Apparently the Google Messages app has decided that the battery of your Android smartphone should have the lowest autonomy. The situation is being caused by a bug that leaves certain sensors active, significantly increasing the temperature of the smartphone and, as a result, consuming energy.
If there’s one thing cell phones are always looking for, it’s the longest battery life, which used to be weeks when devices were simple, now guaranteed to last 24 hours with just one charge. A program all the time can help mess up this important calculation, as is the case with the Messages app.
According to 9to5Google, a bug found in Google’s messaging (and SMS) app doesn’t terminate camera access, even if the program turns off Sensor Viewer. With the component responsible for making the images work and sending data to the application without interruption, the usage of various parts of the cell phone increases, the temperature rises and the energy consumption increases significantly.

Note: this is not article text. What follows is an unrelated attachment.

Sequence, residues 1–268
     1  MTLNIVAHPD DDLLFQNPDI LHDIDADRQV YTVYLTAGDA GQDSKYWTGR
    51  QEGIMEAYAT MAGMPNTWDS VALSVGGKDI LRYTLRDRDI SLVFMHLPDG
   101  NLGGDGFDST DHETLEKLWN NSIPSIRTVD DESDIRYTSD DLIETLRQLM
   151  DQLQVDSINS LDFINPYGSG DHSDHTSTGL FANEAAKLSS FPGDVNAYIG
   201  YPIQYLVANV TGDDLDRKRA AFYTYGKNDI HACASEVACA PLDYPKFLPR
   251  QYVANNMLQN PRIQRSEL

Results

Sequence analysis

Android 12 fixed the Messages app bug
In some cases, the Google Messages app continues to access and use the device’s camera, even when the program is in the background. Users encountered this issue only for Android 12, which alerts whenever an application is using any of the sensors on the device, such as the microphone or camera.
In a test with a Galaxy Z Flip 3, which has Android 12 and uses the Google Messages app as the default message manager, I was not able to completely replicate the error. Here camera access was maintained only when I was talking, turned off when I exited the chat and went to the main area of the program.
If you’re facing this issue, the only solution to this dilemma (until Google updates the app) is to revoke messages access to the camera. To send an image, the ideal is to shoot outside the program and complete the sharing directly from the image gallery.
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